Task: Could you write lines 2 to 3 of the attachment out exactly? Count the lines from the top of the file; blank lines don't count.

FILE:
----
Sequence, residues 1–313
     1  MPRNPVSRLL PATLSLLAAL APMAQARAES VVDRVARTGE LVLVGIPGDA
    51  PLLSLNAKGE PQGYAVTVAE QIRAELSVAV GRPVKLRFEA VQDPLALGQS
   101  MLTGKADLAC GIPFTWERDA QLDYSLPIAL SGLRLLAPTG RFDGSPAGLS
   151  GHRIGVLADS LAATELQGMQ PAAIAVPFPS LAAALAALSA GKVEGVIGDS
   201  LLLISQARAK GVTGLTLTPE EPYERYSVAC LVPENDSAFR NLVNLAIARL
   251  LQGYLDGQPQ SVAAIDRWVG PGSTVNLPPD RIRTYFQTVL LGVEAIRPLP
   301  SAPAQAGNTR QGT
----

     1  MPRNPVSRLL PATLSLLAAL APMAQARAES VVDRVARTGE LVLVGIPGDA
    51  PLLSLNAKGE PQGYAVTVAE QIRAELSVAV GRPVKLRFEA VQDPLALGQS